The digital exhibition that went online on Nov. 19 showcases photos, videos, and digital illustrations capturing the stories of inspirational Indian women.
The latest offering by Google Arts and Culture (an initiative of the search giant to make art digitally accessible) is an online exhibition that promises to introduce viewers to “women who have changed Indian culture forever.”
The digital collection, unveiled on November 19, is called Unheard Stories; it features over 2000 items like artwork, photographs and videos, which offer a glimpse into the life and contributions of some trailblazing Indian women.
“This project is an effort to recognise the impact of Indian women in history and their impact on culture and while looking at where we are, we also wanted to look forward and inspire women and leaders of the future,” Luisella Mazza, Head of Operations at the Google Cultural Institute, said in a statement.
The exhibition draws on 2500 years of Indian history and has sourced materials from 26 cultural institutions across the country. Here, you can learn about Rakhmabai Raut, the first practising female Indian doctor, trace the life story of social reformer Savitribai Phule, or get the facts on Muthulakshmi Reddi, India’s first woman legislator. The scope of the collection is panoramic, capturing stories of artists, royalty, social activists, and political leaders. Also, it is not limited to women of the past; it showcases the work of contemporary Indian women as well.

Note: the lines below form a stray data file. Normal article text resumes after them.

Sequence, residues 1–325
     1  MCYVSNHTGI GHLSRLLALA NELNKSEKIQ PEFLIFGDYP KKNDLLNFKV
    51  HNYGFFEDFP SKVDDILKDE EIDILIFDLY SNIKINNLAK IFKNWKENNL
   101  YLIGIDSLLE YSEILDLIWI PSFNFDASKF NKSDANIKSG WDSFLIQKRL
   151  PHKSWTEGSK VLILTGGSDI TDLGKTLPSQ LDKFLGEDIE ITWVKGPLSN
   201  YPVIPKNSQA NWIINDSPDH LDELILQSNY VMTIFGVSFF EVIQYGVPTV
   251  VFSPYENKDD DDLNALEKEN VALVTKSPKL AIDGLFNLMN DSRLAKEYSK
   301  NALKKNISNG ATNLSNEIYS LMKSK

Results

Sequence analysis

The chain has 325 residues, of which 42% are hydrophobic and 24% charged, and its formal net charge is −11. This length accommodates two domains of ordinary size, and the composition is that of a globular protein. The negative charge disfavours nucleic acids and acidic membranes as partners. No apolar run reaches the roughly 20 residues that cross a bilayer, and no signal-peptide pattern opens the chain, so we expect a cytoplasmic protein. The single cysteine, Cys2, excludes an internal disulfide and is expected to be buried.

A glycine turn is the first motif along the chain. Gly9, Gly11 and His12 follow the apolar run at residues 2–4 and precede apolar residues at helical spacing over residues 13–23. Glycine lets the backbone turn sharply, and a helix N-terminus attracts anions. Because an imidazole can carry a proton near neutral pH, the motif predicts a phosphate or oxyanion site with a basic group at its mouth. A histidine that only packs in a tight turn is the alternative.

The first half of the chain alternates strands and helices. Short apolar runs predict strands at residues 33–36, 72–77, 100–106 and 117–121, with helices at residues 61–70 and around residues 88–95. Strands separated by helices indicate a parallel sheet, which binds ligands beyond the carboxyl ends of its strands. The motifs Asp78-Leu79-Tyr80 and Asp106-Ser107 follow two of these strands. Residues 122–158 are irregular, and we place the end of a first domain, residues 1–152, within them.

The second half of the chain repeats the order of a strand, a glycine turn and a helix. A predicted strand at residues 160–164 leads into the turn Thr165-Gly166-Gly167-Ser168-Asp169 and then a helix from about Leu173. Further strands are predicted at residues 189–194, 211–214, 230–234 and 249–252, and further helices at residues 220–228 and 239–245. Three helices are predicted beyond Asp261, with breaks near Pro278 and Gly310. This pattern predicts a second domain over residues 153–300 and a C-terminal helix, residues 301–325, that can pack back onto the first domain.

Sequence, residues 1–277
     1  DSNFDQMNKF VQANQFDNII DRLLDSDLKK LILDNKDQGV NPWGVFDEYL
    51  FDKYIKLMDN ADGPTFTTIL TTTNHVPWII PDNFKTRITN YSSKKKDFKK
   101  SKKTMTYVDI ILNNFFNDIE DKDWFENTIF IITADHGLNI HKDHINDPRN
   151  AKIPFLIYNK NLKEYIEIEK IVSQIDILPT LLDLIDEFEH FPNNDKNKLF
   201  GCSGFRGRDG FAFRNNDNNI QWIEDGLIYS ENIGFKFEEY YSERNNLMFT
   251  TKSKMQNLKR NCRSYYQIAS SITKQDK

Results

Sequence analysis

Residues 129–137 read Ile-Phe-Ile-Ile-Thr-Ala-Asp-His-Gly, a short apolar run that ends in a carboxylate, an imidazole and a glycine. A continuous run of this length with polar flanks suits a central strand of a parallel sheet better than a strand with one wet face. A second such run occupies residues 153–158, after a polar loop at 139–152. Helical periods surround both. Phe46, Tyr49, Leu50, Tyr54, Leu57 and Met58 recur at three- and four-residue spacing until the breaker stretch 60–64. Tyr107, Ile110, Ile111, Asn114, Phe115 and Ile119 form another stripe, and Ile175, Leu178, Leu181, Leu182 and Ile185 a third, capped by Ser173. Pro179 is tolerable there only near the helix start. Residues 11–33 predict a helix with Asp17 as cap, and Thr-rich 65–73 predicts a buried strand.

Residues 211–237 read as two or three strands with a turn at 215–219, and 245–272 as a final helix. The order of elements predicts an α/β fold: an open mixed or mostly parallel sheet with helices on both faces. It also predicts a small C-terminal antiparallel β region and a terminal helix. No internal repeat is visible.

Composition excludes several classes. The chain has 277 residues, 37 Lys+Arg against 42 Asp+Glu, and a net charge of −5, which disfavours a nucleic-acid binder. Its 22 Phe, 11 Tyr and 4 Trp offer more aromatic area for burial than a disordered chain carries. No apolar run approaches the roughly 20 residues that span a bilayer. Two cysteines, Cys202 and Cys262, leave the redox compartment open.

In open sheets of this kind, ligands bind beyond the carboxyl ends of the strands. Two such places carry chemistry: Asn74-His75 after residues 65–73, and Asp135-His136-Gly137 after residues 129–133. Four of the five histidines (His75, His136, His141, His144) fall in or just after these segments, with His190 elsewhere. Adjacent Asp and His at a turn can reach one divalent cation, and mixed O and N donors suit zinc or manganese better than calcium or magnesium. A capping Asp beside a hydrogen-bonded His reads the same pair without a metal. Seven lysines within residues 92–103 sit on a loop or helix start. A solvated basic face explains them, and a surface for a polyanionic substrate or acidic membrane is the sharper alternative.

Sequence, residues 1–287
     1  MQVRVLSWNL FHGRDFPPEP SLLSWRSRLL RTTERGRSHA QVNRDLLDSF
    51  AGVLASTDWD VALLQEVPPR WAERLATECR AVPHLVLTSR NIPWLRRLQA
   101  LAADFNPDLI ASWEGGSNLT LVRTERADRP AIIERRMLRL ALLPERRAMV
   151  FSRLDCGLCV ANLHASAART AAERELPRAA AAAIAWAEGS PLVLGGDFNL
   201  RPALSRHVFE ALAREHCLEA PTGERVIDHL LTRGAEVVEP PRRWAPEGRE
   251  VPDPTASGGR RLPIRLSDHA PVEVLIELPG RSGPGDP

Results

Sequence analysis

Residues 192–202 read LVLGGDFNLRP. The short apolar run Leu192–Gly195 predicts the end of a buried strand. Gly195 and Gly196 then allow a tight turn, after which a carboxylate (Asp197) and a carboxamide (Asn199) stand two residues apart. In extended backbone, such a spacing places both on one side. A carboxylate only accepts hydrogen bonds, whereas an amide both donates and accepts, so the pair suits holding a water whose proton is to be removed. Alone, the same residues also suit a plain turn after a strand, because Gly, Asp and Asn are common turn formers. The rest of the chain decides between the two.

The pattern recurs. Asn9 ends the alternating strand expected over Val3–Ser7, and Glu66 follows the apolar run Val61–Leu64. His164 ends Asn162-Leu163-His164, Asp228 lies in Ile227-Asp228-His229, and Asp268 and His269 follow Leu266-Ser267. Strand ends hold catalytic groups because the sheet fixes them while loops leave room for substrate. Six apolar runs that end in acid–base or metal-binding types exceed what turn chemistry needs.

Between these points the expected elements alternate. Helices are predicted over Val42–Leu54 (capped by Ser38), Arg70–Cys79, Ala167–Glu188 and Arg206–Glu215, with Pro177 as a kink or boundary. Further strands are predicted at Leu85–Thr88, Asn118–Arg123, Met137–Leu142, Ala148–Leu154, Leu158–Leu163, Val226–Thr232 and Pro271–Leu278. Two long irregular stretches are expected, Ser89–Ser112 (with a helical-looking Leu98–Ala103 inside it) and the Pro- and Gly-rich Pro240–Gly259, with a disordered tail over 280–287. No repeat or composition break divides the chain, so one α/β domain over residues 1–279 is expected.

The stories are not just told through flat images. There are 360-degree views of historical monuments dedicated to women.
The site also has gigapixel images, composed of one billion pixels, which make it possible to zoom in and view high-resolution close-ups of paintings.
The exhibition is not just an attempt to highlight the contribution of women to India’s rich cultural traditions but also an invitation to explore more deeply some of the work and collections that are on display on the platform.
“It is our ongoing effort to make important cultural material available and accessible to everyone and to digitally preserve it to educate and inspire future generations,” Luisella said.
Visit the website here.